What’s great about fiducial marker tracking technology is that it is pre-built to handle the marker being viewed at ANY angle (including nearly flat) in the crappiest of lighting conditions. A marker does not have to be smack in front of the camera to be recognized. Another added bonus is that it is easy to embed a two-dimensional barcode within the marker.

Their system can recognize 64 distinct markers, which opens up the possibility, for instance, of delivering particular types of supplies to particular places in a refugee camp. [Thanks, Joseph!]

More:
DIY Thermal Imaging for Under $200


 

Night (Snow) Rider

LED Night Snow Rider

What better way to light up a snowy night than to slash deep powder turns with a custom LED suit? Fashion photographer and filmmaker Jacob Sutton shot this awesome video of pro snowboarder William Hughes riding the slopes of Tignes in the Rhône-Alpes region of south-eastern France wearing a suit made by John Spatcher. Goodbye concentration, hello snow jones.

[via Nowness; thanks Phil Schutt!]


 


Piccolo, a Mini CNC Artbot

Piccolo is a pocket-sized stand-alone CNC platform. For less than $70, you can assemble your personal Arduino-compatible kit for tinkering, developing and deploying basic 3D output. Be it plotting quick graffiti, printing a one-off business card on the fly, or multiple Piccolos working together to create a large mural, this kit provides a platform for experimenting with 2D or 3D digital fabrication at a small scale. This open-source design emphasizes simplicity, and is entirely composed of digitally manufactured components and inexpensive off-the-shelf hardware.

Note that the website above hasn’t been populated yet. [via buildr]


 

Ask MAKE: Turning Heartbeats into Drum Beats


David asks:

I got your heat rate monitor and I’m planning to use it in a part of my live show where I bring an audience member up on stage and use their heartbeat as the kick drum that we then play along to for a song.

I’m not at all familiar with Arduino or Processing code. I need the simplest way to get the signal to an iPad or iPhone sampler so the heartbeat can be the trigger. Something to convert the signal to midi i think. Do you or do you know anyone who might be able to help me build this?

Hi David,
Using a pulse sensor (now available in the Maker Shed) to translate into a drum beat is certainly possible. The pulse sensor can be plugged into the Arduino and then translated as MIDI data through the Arduino’s serial port. Check out this Arduino Playground page to learn more details. You can also take a look at this tutorial to familiarize yourself with the process. Once you’ve done this, the serial data can be used as an input for lots of different audio programs that accept MIDI.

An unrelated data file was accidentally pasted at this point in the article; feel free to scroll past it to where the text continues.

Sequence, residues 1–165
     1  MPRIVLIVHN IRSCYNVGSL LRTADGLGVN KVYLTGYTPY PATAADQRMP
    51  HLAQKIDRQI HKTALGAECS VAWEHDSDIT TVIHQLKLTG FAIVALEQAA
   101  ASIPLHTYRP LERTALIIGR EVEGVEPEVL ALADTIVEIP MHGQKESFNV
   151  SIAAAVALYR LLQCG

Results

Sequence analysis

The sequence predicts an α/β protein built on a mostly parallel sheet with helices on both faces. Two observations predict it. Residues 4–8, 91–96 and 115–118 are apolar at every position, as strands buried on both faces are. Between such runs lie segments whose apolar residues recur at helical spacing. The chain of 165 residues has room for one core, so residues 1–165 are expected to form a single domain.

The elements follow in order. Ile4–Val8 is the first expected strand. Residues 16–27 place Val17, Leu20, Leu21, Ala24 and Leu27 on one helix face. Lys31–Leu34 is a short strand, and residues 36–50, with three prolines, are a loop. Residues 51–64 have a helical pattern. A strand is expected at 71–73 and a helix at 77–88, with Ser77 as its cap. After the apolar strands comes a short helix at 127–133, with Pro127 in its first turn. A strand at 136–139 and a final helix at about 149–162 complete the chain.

If wiring directly to the pins of a MIDI plug is a problem, I suggest picking up a MIDI shield from Sparkfun, which has all the necessary hardware to do the job in a more plug-and-play fashion while connecting directly to the pins on your Arduino.

I hope this helps you get started. If readers have additional suggestions, please post them in the comments section.

More:


 

Lego Model Parts on Sprue Made of Lego

I’ve admired the work of UK AFoL Peter Reid, aka Flickr user Legoloverman, for a long time. His turtle model, shown to right, is one of my favorite fan-designed Lego models, ever. It doesn’t use a lot of elements, but they’re very carefully thought out. And now he’s gone and arranged them like pieces of a plastic model kit, on a sprue that is itself made of Lego elements, and photographed them with little modeling tools also made of Lego, and I just had to share. He calls it Assembly required. [via The Brothers Brick]

More:
Greeble-tastic Lego Robot Arms


 

In the Maker Shed: The Pulse Sensor

Do you want to add a more “human element” to your next project? The Pulse Sensor, available in the Maker Shed, measures subtle changes in light from expansion of the capillary blood vessels to sense your heartbeat. Gently place the sensor on any area of skin (such as a finger or earlobe) and it will transmit pulse data to your Arduino for processing. The downloadable sample Processing / Arduino code lets you visualize your pulse data right on your computer. It’s a simple, non-invasive, inexpensive way to incorporate biofeedback into your projects. Need some great project ideas? Check out Becky Stern’s Beating Heart Headband project from MAKE: Volume 29!

NEW – We now carry a 3.3V version of the Pulse Sensor that’s perfect for Lilypads and other 3V Arduinos!